Having said that, I wish I had read this book before reading her works, as it provides so much insight and fodder into who she was as a person and how that impacted her writing. Not only that, it goes a step ahead speaking very closely about her family, husband, and influences when it came to The Bloomsbury Group.

This edition by Alexandra Harris might be a brief one when it comes to Woolf’s life, but might I say that she has captured every phase and essence of the writer’s life and works to perfection. I say this because I have read Virginia Woolf by Hermione Lee and that is quite an extensive work. Harris does not gloss over anything and provides a view that is completely unbiased and yet thankfully you can see the admiration for Woolf shine in this short biography.

Harris also takes into account Woolf’s relationship with her contemporaries and how she worked on building the Bloomsbury group. Those chapters swept me away, not to also forget how she came to write the novels that she did and her mental health always there -sometimes in the background and sometimes right there at the front.

“Virginia Woolf” by Alexandra Harris captivated me more than any tome on her could have. The writing is crisp and engaging and works well with the accompaniment of 46 photos of Woolf, only adding to the entire narrative. A read for all Woolf lovers and also for those who are afraid of her writing, just so you are encouraged to pick any of her books and read her, thus converting for life.

 

Giving up the Ghost: A Memoir by Hilary Mantel

Giving up the Ghost Title: Giving up the Ghost: A Memoir
Author: Hilary Mantel
Publisher: Picador Modern Classics
ISBN: 978-1250160669
Genre: Biographies, Memoirs
Pages: 400
Source: Publisher
Rating: 4 Stars

Hilary Mantel is an author that should be read by everyone. I don’t mean it because she is a Booker-Prize winner (twice at that, and consecutively so), not because her fiction is par excellence, but because of her memoir. The memoir that will break you, make you smile, make you relate, and feel all sorts of emotions. At the same time, it is about feminist literary circles, about women who write and without fear, and literally about “Giving Up the Ghost”.

I cannot talk about the book in a linear manner because it is also not written that way. This memoir is about how a poor child of Irish origins, from a disadvantaged family, grew to become one of the world’s most celebrated novelist. Through her story, Mantel touches on other stories – the ones that we can relate to the pinnacle and back. She speaks of home, growing up, books, and more books and above all how she was subject to visions, to “seeing things” that weren’t there. Spooky, isn’t it? Were they real or just a condition because of her hormones as she had undergone an early hysterectomy?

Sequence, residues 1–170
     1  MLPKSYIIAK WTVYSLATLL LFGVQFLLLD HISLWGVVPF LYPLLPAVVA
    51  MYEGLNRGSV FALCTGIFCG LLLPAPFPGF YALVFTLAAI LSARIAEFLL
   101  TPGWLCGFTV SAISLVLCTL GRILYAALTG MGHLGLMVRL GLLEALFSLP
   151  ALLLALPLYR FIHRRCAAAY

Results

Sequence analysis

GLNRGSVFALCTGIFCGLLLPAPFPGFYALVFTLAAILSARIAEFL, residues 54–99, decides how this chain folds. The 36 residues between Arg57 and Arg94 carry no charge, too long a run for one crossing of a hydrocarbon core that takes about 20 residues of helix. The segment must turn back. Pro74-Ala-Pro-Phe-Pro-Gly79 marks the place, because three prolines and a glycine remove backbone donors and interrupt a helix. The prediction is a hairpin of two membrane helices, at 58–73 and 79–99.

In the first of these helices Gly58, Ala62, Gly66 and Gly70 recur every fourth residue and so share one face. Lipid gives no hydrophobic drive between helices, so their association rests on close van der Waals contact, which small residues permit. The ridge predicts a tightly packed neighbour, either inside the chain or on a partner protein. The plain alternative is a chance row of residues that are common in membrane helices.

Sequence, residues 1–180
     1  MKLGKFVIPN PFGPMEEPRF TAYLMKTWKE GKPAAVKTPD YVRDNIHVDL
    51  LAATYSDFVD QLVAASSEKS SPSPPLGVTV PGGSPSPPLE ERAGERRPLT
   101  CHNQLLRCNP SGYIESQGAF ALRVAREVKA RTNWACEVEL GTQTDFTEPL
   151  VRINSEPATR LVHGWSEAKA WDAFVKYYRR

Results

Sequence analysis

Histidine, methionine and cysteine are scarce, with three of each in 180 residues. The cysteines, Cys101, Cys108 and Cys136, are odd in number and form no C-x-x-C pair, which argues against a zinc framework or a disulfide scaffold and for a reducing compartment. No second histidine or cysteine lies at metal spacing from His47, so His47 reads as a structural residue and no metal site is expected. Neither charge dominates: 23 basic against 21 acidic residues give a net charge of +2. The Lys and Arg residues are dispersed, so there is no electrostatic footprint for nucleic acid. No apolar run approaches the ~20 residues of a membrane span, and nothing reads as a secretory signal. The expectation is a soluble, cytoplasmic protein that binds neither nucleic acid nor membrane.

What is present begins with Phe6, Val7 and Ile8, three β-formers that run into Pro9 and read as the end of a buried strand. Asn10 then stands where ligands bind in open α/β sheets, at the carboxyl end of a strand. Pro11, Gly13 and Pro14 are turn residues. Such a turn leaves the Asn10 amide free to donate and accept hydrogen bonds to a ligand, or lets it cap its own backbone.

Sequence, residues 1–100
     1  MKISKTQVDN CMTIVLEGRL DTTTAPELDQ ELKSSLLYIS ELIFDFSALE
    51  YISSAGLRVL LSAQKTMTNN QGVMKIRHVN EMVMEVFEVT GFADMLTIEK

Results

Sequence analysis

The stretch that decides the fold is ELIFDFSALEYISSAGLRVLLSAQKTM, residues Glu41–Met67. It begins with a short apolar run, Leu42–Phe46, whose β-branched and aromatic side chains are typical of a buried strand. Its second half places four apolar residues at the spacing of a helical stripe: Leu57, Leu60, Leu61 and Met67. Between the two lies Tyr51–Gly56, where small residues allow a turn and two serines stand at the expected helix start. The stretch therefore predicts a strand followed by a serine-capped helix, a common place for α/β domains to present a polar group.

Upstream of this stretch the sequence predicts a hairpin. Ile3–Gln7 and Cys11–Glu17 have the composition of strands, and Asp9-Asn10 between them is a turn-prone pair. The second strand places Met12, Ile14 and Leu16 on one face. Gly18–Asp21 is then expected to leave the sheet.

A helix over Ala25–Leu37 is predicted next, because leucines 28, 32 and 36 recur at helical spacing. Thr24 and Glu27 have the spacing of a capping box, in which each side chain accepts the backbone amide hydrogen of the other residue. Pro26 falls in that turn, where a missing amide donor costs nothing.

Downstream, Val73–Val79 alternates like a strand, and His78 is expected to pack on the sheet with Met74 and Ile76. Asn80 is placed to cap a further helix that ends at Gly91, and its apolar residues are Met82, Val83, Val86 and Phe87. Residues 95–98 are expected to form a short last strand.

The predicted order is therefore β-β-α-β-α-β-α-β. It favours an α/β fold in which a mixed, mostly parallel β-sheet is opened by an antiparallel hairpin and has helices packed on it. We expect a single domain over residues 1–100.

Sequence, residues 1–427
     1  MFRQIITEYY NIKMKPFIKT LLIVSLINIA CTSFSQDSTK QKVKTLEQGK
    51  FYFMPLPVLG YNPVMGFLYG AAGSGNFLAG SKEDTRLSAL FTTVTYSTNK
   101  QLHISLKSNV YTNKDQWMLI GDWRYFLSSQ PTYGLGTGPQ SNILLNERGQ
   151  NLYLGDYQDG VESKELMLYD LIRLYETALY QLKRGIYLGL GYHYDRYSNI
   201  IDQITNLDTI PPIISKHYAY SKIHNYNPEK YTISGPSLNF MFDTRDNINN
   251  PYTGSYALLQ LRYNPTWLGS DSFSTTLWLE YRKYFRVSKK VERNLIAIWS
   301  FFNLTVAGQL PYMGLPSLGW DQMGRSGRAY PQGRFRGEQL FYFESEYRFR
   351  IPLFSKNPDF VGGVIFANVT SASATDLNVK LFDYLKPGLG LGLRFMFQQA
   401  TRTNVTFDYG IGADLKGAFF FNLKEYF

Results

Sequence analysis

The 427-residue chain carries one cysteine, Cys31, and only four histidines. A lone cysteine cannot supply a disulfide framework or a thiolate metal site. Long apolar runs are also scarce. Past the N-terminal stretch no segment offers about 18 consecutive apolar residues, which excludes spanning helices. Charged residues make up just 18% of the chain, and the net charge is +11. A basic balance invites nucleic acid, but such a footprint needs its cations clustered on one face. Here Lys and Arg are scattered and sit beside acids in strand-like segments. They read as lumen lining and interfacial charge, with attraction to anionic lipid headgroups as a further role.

The pain and clarity in the writing is astounding. She speaks of her novels as the children she would never have. All along she speaks of women – literary women mostly and their lives – and also strangely ties in the century and its on goings.

At no point does Mantel’s writing become pitiful or self-loathing or wanting attention. It is what it is and she has written it in a very matter-of-fact tone. The book doesn’t meander or amble and combines all of it quite beautifully. Honestly, you don’t even have to read her novels to read the memoir. Just dive in and be prepared for a fantastic, heck of a ride!

 

Meatless Days by Sara Suleri

Meatless Days by Sara Suleri Title: Meatless Days
Author: Sara Suleri
Publisher: Viking
ISBN: 978-0241342466
Genre: Biography
Pages: 192
Source: Publisher
Rating: 5 Stars

Books that are reread are mostly far and few in between and when that happens often, you must rejoice. “Meatless Days” by Sara Suleri is one such book. I remember reading it for the first time, a couple of years ago and loving it. It was unlike something I had ever read. A memoir that was so irreverent and profound at the same time. Well, it was refreshing to hear someone write like that, as though Sara was in my living room having a conversation with me about herself and her family.

“Meatless Days” is a book that perhaps cannot be even bracketed into a genre and yet for all practical purposes, we must. The complexity and intricacy of both her language and the content of the book astounds the reader, makes you laugh and sometimes make you introspect.

The book is about Pakistan, postcolonial, post-independence and a world that treats its women way differently than its men. It is about Suleri’s Welsh mother, her Pakistani father, her tenacious grandmother and her five siblings. She writes about the wandering soul with such soul that you can only empathize.

Her journey out of Pakistan, the gaze of an outsider and yet strangely an insider is a universal emotion that perhaps every reader can relate with. At the same time, for some it might prove to be a difficult read as the nine chapters are completely disjointed and string together beautifully through Suleri’s distillation of experiences of love, loss and family, and takes form in powerful poetry-like prose.

“Meatless Days” changes with every chapter – the form does, the writing to some extent and so will your emotions as you turn the pages. Suleri’s prose is unique, may rarely come across as too complex (but that’s only because she has so much to say) and yet so liberating and rewarding at the end of it all. A lost-classic for sure, which I am glad has been revived as a part of Penguin Women Writers initiative.